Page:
Is Dementia a Disease?

Contributed by: Dennis Fortier, President, Medical Care Corporation

We write about this topic frequently as the general media tend to be fairly inconsistent in their characterization of dementia. As we are careful to point out, dementia is the loss of cognitive capacity that results from various diseases, accidents, and medical conditions. In and of itself, dementia is not a disease.

Having said that, an important new perspective presented this month by Time might add ongoing confusion to this topic. In a well-written piece, based on a publication in the New England Journal of Medicine, researchers advocate the perspective that patients actually die of dementia. This perspective is akin to viewing dementia as a disease, not a symptom of other medical problems.

While I agree with the author's main point, that patients with dementia are suffering all sorts of systemic biological failures due to a progressive level of brain damage (and will most likely die from these failures), it is the underlying diseases that produce both the dementia and the death.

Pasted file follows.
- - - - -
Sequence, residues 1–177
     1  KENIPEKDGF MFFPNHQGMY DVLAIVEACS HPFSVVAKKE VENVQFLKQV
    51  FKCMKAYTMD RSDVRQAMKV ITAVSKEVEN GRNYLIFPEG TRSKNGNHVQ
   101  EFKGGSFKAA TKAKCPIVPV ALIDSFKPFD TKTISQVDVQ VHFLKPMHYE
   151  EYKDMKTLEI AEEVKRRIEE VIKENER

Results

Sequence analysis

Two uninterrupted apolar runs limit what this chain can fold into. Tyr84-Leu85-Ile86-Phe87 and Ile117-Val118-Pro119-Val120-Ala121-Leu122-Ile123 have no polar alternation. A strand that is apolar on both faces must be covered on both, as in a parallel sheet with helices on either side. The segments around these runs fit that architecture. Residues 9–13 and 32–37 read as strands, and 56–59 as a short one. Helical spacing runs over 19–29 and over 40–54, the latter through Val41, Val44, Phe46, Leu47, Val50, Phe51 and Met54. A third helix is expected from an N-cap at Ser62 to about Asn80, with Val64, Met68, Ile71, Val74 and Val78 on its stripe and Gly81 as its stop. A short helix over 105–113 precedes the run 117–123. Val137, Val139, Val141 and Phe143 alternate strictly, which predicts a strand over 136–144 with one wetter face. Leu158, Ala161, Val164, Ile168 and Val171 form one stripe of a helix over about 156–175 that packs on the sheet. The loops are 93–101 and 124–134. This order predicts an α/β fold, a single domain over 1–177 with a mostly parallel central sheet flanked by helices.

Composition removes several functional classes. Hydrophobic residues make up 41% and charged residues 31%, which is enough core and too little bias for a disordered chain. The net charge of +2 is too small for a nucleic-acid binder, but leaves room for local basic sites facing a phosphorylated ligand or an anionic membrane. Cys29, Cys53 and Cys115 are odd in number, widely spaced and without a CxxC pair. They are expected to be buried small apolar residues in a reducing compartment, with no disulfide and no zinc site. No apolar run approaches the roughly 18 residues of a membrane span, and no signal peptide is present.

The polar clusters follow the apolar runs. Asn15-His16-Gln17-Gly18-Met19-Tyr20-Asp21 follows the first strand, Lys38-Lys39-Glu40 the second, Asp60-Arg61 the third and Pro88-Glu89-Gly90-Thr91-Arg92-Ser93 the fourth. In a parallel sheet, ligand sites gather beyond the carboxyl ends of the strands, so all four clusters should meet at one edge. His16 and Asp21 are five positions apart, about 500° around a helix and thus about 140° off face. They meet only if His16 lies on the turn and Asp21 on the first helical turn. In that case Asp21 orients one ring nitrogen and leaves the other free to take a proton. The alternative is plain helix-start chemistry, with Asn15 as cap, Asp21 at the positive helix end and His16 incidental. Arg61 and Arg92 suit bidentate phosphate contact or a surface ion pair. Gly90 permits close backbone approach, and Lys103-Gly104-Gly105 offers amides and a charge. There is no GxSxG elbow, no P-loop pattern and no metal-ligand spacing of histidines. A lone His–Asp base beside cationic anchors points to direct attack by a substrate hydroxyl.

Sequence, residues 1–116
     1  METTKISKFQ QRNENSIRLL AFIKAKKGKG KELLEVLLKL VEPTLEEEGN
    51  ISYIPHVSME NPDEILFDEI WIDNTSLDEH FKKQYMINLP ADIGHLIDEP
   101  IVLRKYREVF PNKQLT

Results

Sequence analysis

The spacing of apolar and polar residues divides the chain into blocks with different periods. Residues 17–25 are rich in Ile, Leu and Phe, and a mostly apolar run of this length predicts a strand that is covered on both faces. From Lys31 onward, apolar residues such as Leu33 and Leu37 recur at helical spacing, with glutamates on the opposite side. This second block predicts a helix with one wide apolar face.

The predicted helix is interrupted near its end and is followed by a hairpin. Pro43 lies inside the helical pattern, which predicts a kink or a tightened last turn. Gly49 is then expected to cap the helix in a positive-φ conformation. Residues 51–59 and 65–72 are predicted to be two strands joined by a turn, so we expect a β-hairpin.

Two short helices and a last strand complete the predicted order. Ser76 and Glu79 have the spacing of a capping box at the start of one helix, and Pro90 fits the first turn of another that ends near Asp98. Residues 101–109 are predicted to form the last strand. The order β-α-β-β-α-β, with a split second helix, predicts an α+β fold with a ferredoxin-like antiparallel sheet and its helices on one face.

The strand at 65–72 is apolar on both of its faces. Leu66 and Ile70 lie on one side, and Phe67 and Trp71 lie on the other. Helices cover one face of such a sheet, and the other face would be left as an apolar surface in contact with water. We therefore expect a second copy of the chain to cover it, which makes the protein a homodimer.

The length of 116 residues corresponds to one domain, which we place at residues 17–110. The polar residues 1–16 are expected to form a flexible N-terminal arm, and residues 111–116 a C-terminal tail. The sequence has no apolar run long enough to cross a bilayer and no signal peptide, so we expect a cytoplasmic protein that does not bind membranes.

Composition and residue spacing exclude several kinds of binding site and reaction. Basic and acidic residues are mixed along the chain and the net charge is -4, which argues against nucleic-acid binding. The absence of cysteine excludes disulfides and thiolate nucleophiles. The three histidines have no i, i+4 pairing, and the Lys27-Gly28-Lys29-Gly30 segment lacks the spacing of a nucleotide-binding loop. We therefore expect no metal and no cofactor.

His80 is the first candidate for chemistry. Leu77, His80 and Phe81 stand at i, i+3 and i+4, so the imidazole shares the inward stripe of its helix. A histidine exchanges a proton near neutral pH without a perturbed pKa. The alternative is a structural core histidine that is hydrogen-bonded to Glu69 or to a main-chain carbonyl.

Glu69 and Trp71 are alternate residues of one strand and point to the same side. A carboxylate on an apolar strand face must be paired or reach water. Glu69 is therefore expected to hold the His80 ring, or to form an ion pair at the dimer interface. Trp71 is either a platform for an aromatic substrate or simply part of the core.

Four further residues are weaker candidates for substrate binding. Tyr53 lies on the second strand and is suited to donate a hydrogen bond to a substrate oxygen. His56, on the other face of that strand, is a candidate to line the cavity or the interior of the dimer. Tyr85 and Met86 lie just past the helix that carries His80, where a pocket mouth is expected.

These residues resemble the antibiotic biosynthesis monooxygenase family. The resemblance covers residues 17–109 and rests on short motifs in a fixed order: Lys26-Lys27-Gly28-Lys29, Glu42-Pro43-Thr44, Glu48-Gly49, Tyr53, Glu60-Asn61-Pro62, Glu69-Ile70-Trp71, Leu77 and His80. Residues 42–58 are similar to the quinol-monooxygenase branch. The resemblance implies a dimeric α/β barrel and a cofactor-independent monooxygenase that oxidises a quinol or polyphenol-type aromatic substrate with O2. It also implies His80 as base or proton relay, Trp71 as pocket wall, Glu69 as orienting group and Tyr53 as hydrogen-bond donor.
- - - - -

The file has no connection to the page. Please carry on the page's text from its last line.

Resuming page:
One key point in the article that I want to support and emphasize is this: For physicians and caregivers, it is important to recognize that, once demented, the patient's health may have reached such a poor state that a focus on palliative care is warranted over aggressive treatment of the underlying problems. While I think it would create undue confusion to define "dementia" as a disease and to identify it as a "cause of death", the point about approaches to better care is well taken and should be noted.


  1. There are so many layers to this topic. Mainly I think that the danger of calling dementia a "terminal disease" is the temptation for the person diagnosed with dementia, and as importantly, their families, to give up rather than make the absolute most of the rest of their lives. It is a disease that could last years and years, not a few months or years like terminal cancer. There is also the temptation, therefore, to do nothing: no medication to improve quality of life in the first few years for example, no cognitive therapy.